Staten Island, NY, Pickleballers celebrate first World Pickleball Day, eye own court

The Gym Bag: Staten Island Pickleballers celebrate first World Pickleball Day, eye own court – Oct 14, 2020

By Joe D’Amodio |

The Staten Island Pickleballers celebrated the first World Pickleball Day at Midland Beach last Saturday with a season-ending tournament hosted by experienced player Tom Cartelli.

“Tom donated gold, silver and bronze medals and kept the scores of the round-robin tournament,” said Anthony Maddaluno, the organizer of the growing group which consists of 30 members. “Sixteen people participated in the tournament, eight men and eight woman. There were a total of 25 people and everybody brought food and drinks and we set up a tent and everybody had a wonderful time.”

For those who are unaware pickleball is one of the fastest growing sports in the country. It is a paddleball sport that combines elements of badminton, table tennis and tennis. Two or four players use solid paddles made of wood or composite materials to hit a perforated polymer ball over a net.

Pickleballers usually play their games on tennis courts, but the game can be played really anywhere.

According to Maddaluno, the S.I. Pickleball club had to supply its own nets because Staten Island does not have any outdoor pickleball courts.

Maddaluno says his group has been hounding the local politicians to invest some money to build a couple of courts for the group, but so far that plea has fallen on deaf ears.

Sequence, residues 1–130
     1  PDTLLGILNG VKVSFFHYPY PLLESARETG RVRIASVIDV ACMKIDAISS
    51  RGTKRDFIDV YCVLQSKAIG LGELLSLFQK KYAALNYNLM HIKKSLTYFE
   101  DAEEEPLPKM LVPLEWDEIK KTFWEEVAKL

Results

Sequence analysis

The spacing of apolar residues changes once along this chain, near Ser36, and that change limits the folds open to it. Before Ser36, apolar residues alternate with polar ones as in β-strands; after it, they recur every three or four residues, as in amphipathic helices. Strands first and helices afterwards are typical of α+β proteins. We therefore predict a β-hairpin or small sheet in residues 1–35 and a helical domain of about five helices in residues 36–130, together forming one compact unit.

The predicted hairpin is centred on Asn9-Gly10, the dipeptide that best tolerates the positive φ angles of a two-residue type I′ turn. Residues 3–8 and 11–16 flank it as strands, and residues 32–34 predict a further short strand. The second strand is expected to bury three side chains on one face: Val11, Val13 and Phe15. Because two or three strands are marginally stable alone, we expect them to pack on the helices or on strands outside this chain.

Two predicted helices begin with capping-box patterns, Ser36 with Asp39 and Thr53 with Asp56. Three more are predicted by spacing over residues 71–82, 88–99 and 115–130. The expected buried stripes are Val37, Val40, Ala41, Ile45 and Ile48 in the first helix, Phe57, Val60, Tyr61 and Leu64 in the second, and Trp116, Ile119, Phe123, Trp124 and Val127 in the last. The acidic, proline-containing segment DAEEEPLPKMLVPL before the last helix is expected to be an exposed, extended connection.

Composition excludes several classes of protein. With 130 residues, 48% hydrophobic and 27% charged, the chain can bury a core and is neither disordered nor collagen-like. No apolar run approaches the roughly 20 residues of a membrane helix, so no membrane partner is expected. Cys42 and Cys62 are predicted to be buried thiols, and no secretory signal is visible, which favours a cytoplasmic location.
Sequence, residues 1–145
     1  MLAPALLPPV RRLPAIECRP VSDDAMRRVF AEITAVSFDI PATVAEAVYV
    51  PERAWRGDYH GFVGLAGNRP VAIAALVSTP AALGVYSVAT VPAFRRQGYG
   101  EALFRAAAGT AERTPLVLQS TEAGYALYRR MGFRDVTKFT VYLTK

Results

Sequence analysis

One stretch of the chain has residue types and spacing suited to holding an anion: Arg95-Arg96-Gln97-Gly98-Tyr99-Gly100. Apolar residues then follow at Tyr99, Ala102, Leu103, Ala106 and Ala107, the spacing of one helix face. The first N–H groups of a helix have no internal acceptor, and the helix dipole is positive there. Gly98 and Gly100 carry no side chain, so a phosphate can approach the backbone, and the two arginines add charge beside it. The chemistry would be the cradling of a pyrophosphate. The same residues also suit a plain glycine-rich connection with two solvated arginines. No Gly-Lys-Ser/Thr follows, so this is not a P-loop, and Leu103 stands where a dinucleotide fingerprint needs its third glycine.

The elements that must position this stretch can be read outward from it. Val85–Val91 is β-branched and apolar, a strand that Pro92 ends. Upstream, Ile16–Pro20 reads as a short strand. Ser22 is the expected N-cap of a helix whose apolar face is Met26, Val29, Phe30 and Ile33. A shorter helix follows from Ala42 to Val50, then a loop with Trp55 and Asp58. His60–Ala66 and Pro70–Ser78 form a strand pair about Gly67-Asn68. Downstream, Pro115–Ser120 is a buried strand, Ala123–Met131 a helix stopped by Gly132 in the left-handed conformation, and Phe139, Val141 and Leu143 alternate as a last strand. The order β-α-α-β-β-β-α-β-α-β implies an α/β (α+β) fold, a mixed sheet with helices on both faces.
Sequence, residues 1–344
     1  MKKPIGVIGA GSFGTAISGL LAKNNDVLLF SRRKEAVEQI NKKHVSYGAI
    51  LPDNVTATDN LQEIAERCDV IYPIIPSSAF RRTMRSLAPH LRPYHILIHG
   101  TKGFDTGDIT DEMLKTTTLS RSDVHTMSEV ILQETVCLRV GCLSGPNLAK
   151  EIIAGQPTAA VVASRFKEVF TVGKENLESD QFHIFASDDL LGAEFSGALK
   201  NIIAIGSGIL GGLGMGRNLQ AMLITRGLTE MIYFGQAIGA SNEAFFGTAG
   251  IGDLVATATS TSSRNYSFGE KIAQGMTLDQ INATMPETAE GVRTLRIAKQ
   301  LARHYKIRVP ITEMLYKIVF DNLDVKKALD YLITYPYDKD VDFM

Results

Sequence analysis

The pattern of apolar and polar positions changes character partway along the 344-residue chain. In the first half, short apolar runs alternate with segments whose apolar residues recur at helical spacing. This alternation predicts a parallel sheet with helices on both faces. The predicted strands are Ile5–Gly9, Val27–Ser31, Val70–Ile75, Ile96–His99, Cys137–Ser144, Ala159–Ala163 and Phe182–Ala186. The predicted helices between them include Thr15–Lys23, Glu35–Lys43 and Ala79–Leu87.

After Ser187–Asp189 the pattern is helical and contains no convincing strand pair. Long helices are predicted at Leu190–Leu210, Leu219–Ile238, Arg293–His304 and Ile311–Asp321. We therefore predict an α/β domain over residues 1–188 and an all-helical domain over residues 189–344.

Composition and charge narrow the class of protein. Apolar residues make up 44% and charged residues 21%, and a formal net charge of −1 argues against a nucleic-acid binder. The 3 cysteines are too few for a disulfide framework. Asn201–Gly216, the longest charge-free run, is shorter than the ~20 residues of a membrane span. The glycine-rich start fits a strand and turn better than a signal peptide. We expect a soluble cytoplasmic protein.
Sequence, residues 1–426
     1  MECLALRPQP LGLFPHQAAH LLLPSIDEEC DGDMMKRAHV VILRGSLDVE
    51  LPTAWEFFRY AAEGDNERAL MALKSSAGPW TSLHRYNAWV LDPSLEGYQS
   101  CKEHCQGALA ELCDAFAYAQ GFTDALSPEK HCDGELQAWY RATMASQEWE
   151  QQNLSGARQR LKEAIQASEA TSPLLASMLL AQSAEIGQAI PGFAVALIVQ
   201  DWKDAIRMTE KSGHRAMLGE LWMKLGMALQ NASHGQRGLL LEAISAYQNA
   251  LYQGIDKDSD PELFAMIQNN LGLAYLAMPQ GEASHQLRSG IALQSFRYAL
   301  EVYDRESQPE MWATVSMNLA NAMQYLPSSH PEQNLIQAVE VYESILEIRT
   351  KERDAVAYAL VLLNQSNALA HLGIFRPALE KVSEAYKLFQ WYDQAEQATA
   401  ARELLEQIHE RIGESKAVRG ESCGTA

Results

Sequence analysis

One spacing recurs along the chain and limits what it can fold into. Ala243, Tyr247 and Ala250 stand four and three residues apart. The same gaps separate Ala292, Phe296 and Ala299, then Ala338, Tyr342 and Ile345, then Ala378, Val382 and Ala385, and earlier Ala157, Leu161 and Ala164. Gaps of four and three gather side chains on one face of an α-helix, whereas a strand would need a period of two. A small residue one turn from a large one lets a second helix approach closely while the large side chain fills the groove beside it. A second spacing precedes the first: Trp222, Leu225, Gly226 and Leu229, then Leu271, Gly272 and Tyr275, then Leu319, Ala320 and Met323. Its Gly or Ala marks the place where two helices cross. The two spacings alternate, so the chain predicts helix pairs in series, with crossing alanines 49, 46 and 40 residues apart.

“We normally play at the Greenbelt Nature Center on their basketball courts but it has been converted into a COVID-19 testing site,” explained Maddaluno. “Since Memorial Day, we’ve been thrown out of the parking lot and basketball courts at Miller Field and several other parking lots, including the one at the Greenbelt until we stumbled upon a little area behind the bathrooms and handball courts at Midland Beach.

“The Parks Dept Supervisors were great about letting us set up there and even provided us with masks. We were only allowed to set up two nets. During the peak of the summer people thought this was Parks Deptartment-run activity and came with their paddles and would ask to play. It’s was unfortunate that we could not let them play because there would be a hundred people waiting to play. We were turning away at least five people a day.”

Maddaluno describes his group as a passionate bunch who have become family.

“After we play, we all sit around have lunch together and even had an end of summer barbecue in the picnic area, which is right next to our courts.”

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